Re: question: fitting a distribution from quantiles

*To*: mathgroup at smc.vnet.net*Subject*: [mg126466] Re: question: fitting a distribution from quantiles*From*: LÃszlÃ SÃndor <sandorl at gmail.com>*Date*: Sat, 12 May 2012 04:55:54 -0400 (EDT)*Delivered-to*: l-mathgroup@mail-archive0.wolfram.com*References*: <201205110414.AAA23695@smc.vnet.net> <4FAD3253.3030007@wolfram.com>

Oh, shame, sorry about this. And thanks, of course! Laszlo On Fri, May 11, 2012 at 12:01 PM, Darren Glosemeyer <darreng at wolfram.com>wrote: > There's a typo in the code using CDF directly. For the cdf, you need to > use CDF[ParetoDistribution[k, a], x], then it will work fine. > > Darren Glosemeyer > Wolfram Research > > > On 5/11/2012 10:55 AM, L=C3=A1szl=C3=B3 S=C3=A1ndor wrote: > > Thank you, Darren! > > I realized soon (much before the delay cause my the moderation of the > list) that I could fit a CDF. This even works with a ridiculously > aggregated data, e.g. only two (inverse) quantiles for a Pareto > distribution. However, FindFit did not work with Mathematica's > representation of the CDF (conditions?), only a hard-coded one. > > But before I paste my output (with a lengthy error message) below, let > me ask another question: What exactly are the benefits of keeping a > distribution object in the background? Am I just as well off with a > (smoothed) CDF and plugging it or transformations and integrals everywhere? > > Basically, I want to use an empirical distribution in three ways: > -- "keep it as it is" (though it must be smoothed / approximated) as I do > need PDFs even though, as any real data, it comes discrete > -- fit a parametric distribution and use that everywhere where I would > have used the empirical > -- fit a mixture of parametric distributions (actually, it might be a > special mixture: I might concatenate two different (truncated) CDF for > different parts -- real incomes have a Pareto right tail but an obviously > non-Pareto bottom. > > Is this good idea to try to keep these as distributions, or as most of > my calculation will need to numeric anyway, I can give up early and use the > CDFs? > > Thanks! > > Now the output for yesterday: > > originalecdf = > {{500000,0.0182},{1000000,0.1003},{1500000,0.2487},{2000000,0.3871},{4000000,0.6802}} > ecdf = {{2000000,0.3871},{4000000,0.6802}} > FindFit[ecdf,CDF[ParetoDistribution[k,a]],{k,a},x] > > FindFit::nrlnum: The function value > {-0.3871+Function[\[FormalX],\[Piecewise] 1. +Times[<<2>>] \[FormalX]>== k > 0. True > > > > ,Listable],-0.6802+Function[\[FormalX],\[Piecewise] 1. +Times[<<2>>] > \[FormalX]>=k > 0. True > > > > ,Listable]} > is not a list of real numbers with dimensions {2} at {k,a} = {1.,1.}. >> > > FindFit[ecdf,1-(x / k)^(-a),{k,a},x] > {k->1.18709*10^6,a->0.938482} > > > > On Fri, May 11, 2012 at 11:37 AM, Darren Glosemeyer <darreng at wolfram.com> wrote: > >> On 5/10/2012 11:14 PM, L=C3=A1szl=C3=B3 S=C3=A1ndor wrote: >> >>> Hi all, >>> >>> I have a project (with Mathematica 8) where the first step would be to >>> get the distribution describing my "data" which actually only have >>> quantiles (or worse: frequencies for arbitrary bins). >>> EstimatedDistribution[] looks promising, but I don't know how to feed in >>> this kind of data. Please let me know if you know a fast way. >>> >>> Thank! >>> >>> >>> >> There isn't enough information in your data for the types of estimation >> done by EstimatedDistribution. >> >> The type of information you have in your data would lend itself well to a >> least squares fit to the cdf of the distribution. As an example, let's take >> this data: >> >> >> In[1]:= data = BlockRandom[SeedRandom[1234]; >> RandomVariate[GammaDistribution[5, 8], 100]]; >> >> We can use Min and Max to see the range of values and then bin within >> that range to construct cutoff and frequency data. >> >> In[2]:= {Min[data], Max[data]} >> >> Out[2]= {13.7834, 112.429} >> >> >> Here, xvals are the cutoffs and counts are the bin frequencies. >> >> In[3]:= {xvals, counts} = HistogramList[data, {{0, 15, 20, 50, 100, 120}}] >> >> Out[3]= {{0, 15, 20, 50, 100, 120}, {1, 6, 55, 37, 1}} >> >> >> We can get the accumulated probabilities as follows. >> >> In[4]:= probs = Accumulate[counts]/Length[data] >> >> 1 7 31 99 >> Out[4]= {---, ---, --, ---, 1} >> 100 100 50 100 >> >> >> The analogue of your quantile values would be the right endpoints, >> Rest[xvals]. >> >> In[5]:= quantiles = Rest[xvals] >> >> Out[5]= {15, 20, 50, 100, 120} >> >> >> Now we can use the quantiles as the x values and the cdf values as the y >> values for a least squares fitting to the CDF (parameters may need starting >> values in general, but defaults worked fine in this case): >> >> In[6]:= FindFit[Transpose[{quantiles, probs}], CDF[GammaDistribution[a, >> b], x], {a, b}, x] >> >> Out[6]= {a -> 5.24009, b -> 8.88512} >> >> >> Given that we know that the data don't extend to the right limit of a >> gamma's support (gammas can be any positive values), we may want to adjust >> the cdf values a bit. The following will shift all the cdf values by >> 1/(2*numberOfDataPoints) in this particular case: >> >> In[7]:= FindFit[Transpose[{quantiles, probs - 1/(2 Length[data])}], >> CDF[GammaDistribution[a, b], x], {a, b}, x] >> >> Out[7]= {a -> 5.3696, b -> 8.73319} >> >> >> Darren Glosemeyer >> Wolfram Research >> > > >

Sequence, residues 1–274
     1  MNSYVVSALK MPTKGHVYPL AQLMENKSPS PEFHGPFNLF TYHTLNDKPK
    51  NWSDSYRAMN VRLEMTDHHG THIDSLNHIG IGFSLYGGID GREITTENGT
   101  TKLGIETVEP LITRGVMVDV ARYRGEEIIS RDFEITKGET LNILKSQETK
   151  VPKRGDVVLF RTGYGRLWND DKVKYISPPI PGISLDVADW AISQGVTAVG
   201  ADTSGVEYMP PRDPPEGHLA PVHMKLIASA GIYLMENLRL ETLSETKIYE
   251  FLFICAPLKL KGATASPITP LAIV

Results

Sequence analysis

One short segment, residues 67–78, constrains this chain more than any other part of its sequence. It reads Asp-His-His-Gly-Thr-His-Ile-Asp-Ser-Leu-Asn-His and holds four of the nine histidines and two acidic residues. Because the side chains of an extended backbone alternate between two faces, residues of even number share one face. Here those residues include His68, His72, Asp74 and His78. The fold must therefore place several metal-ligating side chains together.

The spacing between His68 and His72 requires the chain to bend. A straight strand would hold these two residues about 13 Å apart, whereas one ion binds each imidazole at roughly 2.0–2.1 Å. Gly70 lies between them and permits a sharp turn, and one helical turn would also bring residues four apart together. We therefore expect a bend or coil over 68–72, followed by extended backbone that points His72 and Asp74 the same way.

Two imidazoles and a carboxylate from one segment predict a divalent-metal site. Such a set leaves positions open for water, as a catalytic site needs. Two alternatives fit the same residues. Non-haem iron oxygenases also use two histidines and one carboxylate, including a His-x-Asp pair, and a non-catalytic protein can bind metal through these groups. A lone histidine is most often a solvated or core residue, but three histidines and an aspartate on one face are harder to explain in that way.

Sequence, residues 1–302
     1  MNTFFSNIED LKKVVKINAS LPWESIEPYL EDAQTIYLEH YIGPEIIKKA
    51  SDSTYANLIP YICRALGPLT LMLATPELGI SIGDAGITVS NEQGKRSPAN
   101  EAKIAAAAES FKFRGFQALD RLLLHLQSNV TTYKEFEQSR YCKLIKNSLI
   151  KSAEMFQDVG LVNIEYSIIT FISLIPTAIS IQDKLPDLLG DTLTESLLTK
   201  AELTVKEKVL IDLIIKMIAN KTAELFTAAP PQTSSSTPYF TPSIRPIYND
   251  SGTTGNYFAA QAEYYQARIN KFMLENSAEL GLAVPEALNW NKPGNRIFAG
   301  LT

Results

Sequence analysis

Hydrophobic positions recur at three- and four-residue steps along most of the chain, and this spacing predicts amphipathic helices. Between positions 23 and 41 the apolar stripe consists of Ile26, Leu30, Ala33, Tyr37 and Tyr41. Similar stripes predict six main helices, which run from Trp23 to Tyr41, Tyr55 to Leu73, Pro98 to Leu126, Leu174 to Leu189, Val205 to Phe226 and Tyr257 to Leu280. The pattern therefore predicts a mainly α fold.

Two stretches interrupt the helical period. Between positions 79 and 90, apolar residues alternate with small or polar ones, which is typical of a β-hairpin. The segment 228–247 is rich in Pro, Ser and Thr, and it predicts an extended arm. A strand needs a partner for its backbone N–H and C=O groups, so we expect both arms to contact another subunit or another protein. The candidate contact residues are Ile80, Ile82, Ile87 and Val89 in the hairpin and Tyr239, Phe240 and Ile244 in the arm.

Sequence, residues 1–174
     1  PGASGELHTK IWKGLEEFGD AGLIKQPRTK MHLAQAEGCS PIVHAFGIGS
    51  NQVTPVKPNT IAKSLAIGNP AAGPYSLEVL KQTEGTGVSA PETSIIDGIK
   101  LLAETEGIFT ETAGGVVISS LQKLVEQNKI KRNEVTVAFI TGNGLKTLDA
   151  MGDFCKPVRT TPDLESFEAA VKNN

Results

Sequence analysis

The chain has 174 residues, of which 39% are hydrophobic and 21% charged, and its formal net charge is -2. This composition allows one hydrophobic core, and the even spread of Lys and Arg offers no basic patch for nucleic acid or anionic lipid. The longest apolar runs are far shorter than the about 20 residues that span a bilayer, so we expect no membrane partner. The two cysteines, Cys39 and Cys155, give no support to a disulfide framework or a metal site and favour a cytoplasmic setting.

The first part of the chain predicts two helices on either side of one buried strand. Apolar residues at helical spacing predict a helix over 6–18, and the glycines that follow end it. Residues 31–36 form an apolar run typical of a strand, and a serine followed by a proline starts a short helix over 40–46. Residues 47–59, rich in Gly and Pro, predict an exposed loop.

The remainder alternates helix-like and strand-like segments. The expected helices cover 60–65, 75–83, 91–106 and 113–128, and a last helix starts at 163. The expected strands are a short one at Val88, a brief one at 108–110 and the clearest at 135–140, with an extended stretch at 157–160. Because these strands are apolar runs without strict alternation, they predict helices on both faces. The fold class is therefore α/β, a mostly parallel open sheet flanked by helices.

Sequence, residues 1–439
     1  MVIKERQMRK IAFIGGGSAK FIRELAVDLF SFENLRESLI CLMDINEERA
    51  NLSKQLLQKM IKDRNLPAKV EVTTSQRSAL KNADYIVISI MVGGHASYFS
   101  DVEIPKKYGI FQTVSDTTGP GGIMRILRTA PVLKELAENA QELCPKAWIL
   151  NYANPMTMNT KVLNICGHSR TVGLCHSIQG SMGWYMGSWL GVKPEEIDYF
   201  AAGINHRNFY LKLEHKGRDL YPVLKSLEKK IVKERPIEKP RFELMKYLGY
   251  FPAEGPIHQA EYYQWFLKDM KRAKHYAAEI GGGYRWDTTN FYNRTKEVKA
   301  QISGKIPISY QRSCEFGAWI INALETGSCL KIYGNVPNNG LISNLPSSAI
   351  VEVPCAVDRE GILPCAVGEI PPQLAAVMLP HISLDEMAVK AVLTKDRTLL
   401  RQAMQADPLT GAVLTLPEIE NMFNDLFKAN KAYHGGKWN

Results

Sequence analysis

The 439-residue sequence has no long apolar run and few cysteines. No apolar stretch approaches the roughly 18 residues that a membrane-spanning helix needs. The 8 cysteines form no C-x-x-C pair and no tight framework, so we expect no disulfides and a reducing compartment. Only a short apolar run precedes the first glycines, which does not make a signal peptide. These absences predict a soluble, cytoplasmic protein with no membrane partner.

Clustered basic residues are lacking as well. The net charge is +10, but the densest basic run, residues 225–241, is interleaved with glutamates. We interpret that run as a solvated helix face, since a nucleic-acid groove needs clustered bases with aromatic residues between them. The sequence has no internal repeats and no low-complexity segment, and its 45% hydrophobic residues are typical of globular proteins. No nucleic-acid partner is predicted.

**References**:**question: fitting a distribution from quantiles***From:*László Sándor <sandorl@gmail.com>

**Re: question: fitting a distribution from quantiles**

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**Re: question: fitting a distribution from quantiles**

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